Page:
What a drag–the main one that is!

A great philosophical truth was uttered in Fat Frantic the other day.
“It’s a good thing we’re not getting all the government we’re paying for,” hollered Hollerin’ Harold, commenting on the latest local traffic control regulations.
The whole trucking fraternity–this is a men’s only club–was gathered around the tables at the Drive Inn, sucking back coffee like dry camels with a major thirst. The fog of tobacco smoke had pretty much driven out the non-nicotine contingent.
The occasion was district-wide, ice-slick roads, compliments of the worst freezing drizzle of the season.
The Main Drag in good ol’ Fat Frantic is like all tourists towns. It winds past every business in the community–bar none.
This is the proud achievement of decades–no, generations–of local legislation and political pressure on senior levels of government. This ensures all traffic is slowed to allow the tourist to avail themselves of every opportunity to lighten their pockets before escaping into the hinterland.
The reasoning and the plot is thus.
First, you ensure the port of entry in right into the middle of town. That way you get the suckers . . . er, guests . . . coming and going.
Next, you make the signage as confusing as possible, guaranteeing they have to stop and ask for directions. They’ll have to anyway after a five-hour wait trying to clear Customs & Immigration. By then, they’re desperate for a pit stop.
Now you throw in traffic lights at every intersection–all carefully synchronized so every one of them is red. Then to top it off, throw about 500 pulp trucks, plus all the main highway truck traffic, into the mess to absolutely guarantee the lights will change at least five times before you clear the block.
If you look closely in the tourist cars, you can see how well this plot is working. The driver–with teeth clenched, jaw set, and both hands clutching the steering wheel–is glaring straight ahead while riding the bumper of the pulp truck in front.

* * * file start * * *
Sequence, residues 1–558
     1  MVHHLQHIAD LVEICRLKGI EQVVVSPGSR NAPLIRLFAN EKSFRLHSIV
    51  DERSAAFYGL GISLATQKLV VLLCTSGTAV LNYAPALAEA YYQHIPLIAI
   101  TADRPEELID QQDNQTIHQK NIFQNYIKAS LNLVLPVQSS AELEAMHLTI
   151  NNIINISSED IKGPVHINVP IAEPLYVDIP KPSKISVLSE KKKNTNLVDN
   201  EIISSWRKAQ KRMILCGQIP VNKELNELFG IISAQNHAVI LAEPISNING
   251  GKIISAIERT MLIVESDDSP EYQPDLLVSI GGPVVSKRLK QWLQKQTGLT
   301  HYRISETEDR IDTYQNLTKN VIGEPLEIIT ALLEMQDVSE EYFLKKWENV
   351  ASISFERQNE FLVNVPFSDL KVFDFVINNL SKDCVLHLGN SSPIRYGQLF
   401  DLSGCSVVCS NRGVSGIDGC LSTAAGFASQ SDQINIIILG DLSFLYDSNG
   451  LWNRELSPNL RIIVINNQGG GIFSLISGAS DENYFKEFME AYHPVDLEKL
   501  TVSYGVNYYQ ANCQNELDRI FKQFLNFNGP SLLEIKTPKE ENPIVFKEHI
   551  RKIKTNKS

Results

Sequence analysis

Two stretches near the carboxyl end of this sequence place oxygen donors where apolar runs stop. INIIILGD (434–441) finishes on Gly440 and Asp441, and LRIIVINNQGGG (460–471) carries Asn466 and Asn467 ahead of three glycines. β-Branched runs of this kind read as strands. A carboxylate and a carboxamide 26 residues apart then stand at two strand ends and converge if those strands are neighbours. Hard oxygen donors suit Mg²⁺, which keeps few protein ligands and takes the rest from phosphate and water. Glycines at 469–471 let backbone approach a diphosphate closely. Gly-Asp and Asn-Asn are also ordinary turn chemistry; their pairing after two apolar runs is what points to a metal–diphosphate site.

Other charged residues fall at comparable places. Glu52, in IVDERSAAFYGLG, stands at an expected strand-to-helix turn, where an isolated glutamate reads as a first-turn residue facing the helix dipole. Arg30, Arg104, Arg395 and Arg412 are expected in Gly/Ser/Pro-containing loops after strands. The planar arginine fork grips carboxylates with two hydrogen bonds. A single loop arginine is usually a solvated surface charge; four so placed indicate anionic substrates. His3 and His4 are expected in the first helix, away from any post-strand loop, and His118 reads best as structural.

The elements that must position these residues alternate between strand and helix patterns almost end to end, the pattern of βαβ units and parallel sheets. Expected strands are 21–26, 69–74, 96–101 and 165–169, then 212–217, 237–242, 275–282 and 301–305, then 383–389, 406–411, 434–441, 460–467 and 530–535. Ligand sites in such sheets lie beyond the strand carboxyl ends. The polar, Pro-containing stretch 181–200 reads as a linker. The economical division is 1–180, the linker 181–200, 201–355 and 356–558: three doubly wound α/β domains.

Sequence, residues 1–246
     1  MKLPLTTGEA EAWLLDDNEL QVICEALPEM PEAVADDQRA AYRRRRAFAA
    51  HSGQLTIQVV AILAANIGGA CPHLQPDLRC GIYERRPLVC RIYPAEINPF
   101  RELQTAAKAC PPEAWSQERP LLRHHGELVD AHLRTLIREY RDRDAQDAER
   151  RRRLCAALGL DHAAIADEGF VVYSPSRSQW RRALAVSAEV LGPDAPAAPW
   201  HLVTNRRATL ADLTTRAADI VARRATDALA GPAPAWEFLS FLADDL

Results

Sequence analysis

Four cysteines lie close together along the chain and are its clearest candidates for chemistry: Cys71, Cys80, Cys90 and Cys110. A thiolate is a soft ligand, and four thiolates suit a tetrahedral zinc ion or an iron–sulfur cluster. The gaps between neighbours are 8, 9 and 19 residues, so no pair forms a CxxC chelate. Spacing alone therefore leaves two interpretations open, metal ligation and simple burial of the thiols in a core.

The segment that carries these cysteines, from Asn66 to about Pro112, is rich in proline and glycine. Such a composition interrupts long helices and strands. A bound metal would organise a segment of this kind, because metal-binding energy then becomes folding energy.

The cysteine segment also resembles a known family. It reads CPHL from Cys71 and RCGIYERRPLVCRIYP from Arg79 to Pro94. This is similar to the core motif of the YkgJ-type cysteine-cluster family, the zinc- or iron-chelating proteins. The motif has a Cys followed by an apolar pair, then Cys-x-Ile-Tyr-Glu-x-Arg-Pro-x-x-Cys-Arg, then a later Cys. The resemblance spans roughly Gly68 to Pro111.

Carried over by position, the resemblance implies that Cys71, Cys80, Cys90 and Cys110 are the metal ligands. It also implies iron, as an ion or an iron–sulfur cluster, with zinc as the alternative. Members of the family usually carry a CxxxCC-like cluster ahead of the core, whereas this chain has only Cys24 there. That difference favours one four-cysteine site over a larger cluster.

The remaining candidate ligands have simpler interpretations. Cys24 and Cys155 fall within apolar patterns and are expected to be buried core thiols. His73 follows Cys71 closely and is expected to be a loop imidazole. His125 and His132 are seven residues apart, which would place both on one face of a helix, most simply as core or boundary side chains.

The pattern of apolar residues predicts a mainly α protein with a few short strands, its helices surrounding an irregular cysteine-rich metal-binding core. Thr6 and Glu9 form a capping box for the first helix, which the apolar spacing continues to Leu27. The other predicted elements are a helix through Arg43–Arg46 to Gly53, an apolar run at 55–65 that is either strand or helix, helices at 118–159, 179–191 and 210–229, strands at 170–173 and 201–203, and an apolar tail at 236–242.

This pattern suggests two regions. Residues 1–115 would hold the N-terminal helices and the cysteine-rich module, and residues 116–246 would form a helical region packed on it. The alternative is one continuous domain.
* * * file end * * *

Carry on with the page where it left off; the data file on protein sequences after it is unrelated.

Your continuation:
In the passenger seat, the “nagivator,” her jaw flapping at about the same rate as a hummingbird’s wing, but making considerably more noise, is giving directions.
In the back, the glassy-eyed offspring, earphones firmly in place, are staring blankly as their heads vibrate in sync with the cacophony emitted by their personal CD players. They whine, “Are we there yet?”
Meanwhile, the idle merchants stare from their shop windows and wonder why business is down again this year.
Retail merchandising at its best. In the old days, we were much more civilized about it. We robbed, murdered, and dumped the travellers’ bodies in the canal. We got more money, it was quick and clean, and there were about as many repeat customers.
This new system was working like a charm until the truckers rebelled. They beat the traffic jams by running at night as much as possible. But the town fathers soon threw a wrench into that. The flashing yellows that would let the big rigs, without stopping, coast right down the main drag from midnight to 7 a.m. with barely a whisper are now flashing reds–all five of them.
“The young lad, Flip Side, has got ’er all figured out,” confided Whisperin’ Gearshift in a hoarse rasp, barely audible over the clattering of coffee cups.
The din suddenly quieted and all ears tuned in as this sage of road lore added, “With those straight pipes and 500 under the hood, under full load, he can rip though seven shifts in half a block, then he lets the Jake pull ’er down to a stop for the light.
“The noise is somethin’ to behold. Startin’ to shatter windows and the mortar is crumblin’ right outta those brick fronts. Gabriel blow your horn an’ the walls shall come tumblin down,” Whisperin’ Gearshift concluded as he reverently emptied his coffee cup, signalled for a refill, and fired up another roll-your-own.
“I hear the residents are petitionin’ the guv’mint to put in a truck bypass,” he whispered.

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